Increasing awareness has helped us make strides in HIV prevention and treatment, but still, populations like black communities, black women, and people in prisons are experiencing disproportionate rates of infection. As you know, I believe in the power of sharing stories, as Catherine Wyatt-Morley bravely does in this story of learning to live with HIV and without shame. But this article contains the words "Hers was not the face of HIV."
Is there a real face of HIV? The idea that there is suggests that we could just close our eyes and forget that face, rather than remembering that it could be the face of our brother, our sister, or the face we see in the mirror. The photography project "A Day with HIV in America" features folks with powerful stories about living with and caring for those with HIV and AIDS, and it shows a great variety of faces. It's a stunning example of how telling stories through art can open our eyes to the world we live in, moving beyond the silence and shame, the myths and hurtful stigma that allow this disease to continue knocking on our doors. If we never answer, never face the truth, it doesn't change the world we live in. It just leaves us in the dark, afraid to step into the light.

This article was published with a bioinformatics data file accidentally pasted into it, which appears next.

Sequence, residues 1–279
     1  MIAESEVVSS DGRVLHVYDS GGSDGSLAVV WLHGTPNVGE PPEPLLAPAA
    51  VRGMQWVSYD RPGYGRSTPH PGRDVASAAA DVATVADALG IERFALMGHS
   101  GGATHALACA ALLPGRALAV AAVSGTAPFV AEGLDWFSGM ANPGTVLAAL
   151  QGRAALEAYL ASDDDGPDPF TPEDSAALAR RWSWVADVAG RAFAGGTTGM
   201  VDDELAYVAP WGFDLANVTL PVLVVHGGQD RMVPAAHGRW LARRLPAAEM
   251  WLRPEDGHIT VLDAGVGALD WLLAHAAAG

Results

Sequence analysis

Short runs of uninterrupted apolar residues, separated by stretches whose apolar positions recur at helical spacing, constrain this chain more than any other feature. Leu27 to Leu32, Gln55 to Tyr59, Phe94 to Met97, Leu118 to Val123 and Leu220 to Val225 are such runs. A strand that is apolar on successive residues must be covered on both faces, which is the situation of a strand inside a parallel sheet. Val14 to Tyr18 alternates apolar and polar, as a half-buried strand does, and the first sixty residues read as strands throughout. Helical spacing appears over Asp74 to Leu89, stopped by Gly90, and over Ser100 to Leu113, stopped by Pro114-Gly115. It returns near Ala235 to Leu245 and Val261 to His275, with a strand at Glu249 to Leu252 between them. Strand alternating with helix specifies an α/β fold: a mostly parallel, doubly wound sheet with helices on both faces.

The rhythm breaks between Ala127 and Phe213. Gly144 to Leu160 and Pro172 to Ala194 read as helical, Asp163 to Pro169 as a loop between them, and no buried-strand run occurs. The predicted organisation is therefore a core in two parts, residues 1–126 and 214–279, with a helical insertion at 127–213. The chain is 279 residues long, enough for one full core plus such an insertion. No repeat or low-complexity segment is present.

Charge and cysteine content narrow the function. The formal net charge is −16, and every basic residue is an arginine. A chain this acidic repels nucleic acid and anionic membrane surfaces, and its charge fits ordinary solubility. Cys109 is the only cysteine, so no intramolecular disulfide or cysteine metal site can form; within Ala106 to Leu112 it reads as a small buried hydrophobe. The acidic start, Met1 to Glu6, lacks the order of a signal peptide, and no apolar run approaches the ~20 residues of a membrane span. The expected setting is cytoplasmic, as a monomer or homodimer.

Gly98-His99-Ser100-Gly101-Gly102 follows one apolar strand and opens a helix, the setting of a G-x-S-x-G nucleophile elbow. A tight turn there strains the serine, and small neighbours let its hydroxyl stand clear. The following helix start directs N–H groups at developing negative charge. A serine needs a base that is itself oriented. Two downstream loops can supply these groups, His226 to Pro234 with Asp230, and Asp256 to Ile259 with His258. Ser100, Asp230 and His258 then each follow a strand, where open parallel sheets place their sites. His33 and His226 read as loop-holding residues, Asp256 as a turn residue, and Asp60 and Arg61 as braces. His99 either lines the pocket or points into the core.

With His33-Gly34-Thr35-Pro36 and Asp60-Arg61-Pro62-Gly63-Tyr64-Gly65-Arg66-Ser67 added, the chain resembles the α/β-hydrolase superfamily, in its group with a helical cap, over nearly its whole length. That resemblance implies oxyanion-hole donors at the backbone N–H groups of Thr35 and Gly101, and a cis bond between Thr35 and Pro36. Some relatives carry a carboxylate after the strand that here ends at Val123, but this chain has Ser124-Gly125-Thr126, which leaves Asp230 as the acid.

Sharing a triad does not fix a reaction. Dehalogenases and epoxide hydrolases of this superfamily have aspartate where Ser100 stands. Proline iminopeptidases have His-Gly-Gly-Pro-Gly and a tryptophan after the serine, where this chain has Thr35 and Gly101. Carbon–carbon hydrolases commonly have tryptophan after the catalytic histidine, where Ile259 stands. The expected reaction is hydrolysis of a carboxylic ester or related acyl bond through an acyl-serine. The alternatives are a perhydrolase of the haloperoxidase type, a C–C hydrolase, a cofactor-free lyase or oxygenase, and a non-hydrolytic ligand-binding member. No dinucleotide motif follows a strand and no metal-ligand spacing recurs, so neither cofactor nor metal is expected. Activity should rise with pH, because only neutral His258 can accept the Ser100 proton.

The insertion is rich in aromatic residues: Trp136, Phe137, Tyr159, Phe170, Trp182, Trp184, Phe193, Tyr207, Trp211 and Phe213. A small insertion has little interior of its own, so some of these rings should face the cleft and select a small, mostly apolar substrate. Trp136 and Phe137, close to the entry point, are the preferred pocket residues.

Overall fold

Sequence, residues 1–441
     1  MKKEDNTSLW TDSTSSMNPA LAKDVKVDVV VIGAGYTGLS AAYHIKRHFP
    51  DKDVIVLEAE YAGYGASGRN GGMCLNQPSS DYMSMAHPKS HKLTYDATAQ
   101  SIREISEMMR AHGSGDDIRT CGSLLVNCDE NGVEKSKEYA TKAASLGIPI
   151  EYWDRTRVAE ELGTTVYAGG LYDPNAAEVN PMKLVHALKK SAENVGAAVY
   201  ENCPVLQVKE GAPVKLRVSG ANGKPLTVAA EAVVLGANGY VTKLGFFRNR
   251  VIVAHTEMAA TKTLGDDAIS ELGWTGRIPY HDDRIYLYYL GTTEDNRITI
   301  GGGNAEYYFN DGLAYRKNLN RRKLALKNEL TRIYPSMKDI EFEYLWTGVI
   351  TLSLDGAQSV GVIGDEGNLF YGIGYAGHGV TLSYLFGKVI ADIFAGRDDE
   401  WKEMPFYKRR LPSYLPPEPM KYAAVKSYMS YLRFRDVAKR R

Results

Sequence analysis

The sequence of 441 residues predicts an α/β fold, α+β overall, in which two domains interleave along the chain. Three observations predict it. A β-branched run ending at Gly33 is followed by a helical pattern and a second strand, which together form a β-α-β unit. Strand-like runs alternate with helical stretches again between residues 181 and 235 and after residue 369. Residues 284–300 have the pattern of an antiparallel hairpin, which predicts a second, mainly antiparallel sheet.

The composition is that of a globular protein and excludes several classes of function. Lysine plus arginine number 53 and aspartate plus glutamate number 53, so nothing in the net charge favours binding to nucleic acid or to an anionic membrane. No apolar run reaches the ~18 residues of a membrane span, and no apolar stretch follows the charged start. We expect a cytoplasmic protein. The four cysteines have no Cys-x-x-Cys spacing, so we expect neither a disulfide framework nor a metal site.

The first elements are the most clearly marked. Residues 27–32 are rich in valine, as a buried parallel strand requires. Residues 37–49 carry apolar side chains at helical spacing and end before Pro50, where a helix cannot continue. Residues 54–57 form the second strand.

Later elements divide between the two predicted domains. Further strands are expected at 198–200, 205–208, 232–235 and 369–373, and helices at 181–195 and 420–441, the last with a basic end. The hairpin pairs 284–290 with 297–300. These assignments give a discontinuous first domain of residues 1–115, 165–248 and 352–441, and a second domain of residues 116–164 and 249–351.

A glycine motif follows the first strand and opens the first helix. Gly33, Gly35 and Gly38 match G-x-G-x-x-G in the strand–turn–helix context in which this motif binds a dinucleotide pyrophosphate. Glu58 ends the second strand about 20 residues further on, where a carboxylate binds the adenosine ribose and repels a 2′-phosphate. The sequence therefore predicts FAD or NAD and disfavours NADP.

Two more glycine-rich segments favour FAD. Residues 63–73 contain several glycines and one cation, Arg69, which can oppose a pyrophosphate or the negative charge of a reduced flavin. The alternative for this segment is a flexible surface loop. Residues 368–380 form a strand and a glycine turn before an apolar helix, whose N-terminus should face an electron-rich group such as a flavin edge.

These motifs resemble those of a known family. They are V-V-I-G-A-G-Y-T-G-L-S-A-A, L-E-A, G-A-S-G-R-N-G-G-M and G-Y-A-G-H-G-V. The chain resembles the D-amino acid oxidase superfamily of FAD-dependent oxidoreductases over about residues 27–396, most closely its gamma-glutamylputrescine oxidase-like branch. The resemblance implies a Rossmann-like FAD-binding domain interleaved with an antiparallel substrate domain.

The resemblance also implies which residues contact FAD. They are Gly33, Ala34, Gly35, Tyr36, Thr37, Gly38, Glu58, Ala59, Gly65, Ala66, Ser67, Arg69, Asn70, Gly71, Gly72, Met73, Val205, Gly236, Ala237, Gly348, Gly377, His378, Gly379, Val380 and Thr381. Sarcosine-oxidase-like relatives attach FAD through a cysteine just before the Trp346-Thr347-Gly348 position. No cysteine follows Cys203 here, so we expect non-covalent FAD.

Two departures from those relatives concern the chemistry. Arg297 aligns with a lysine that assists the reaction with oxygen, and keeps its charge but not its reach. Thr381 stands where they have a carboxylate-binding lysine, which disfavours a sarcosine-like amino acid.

So, what will you do for National Black HIV/AIDS Awareness Day? Get tested? Spread the word? Attend an event? There's no reason to fear this day, or any other day on which AIDS is part of our reality. We got this.